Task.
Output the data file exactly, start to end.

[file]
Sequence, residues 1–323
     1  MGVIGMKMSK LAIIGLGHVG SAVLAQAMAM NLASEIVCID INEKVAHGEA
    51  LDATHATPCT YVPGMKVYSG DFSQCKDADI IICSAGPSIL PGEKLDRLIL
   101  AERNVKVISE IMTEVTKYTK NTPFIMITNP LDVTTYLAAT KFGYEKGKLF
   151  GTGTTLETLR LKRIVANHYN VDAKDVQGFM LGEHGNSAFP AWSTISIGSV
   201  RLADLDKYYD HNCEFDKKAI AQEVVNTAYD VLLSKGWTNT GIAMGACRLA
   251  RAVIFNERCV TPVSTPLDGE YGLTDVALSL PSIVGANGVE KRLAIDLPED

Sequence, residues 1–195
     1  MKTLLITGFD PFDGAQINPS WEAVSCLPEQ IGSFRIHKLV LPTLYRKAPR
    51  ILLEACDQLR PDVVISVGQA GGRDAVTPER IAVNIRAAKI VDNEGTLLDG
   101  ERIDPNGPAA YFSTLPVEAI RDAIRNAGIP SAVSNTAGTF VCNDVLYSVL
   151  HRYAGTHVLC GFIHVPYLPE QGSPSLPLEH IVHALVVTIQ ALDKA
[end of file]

Sequence, residues 1–323
     1  MGVIGMKMSK LAIIGLGHVG SAVLAQAMAM NLASEIVCID INEKVAHGEA
    51  LDATHATPCT YVPGMKVYSG DFSQCKDADI IICSAGPSIL PGEKLDRLIL
   101  AERNVKVISE IMTEVTKYTK NTPFIMITNP LDVTTYLAAT KFGYEKGKLF
   151  GTGTTLETLR LKRIVANHYN VDAKDVQGFM LGEHGNSAFP AWSTISIGSV
   201  RLADLDKYYD HNCEFDKKAI AQEVVNTAYD VLLSKGWTNT GIAMGACRLA
   251  RAVIFNERCV TPVSTPLDGE YGLTDVALSL PSIVGANGVE KRLAIDLPED

Sequence, residues 1–195
     1  MKTLLITGFD PFDGAQINPS WEAVSCLPEQ IGSFRIHKLV LPTLYRKAPR
    51  ILLEACDQLR PDVVISVGQA GGRDAVTPER IAVNIRAAKI VDNEGTLLDG
   101  ERIDPNGPAA YFSTLPVEAI RDAIRNAGIP SAVSNTAGTF VCNDVLYSVL
   151  HRYAGTHVLC GFIHVPYLPE QGSPSLPLEH IVHALVVTIQ ALDKA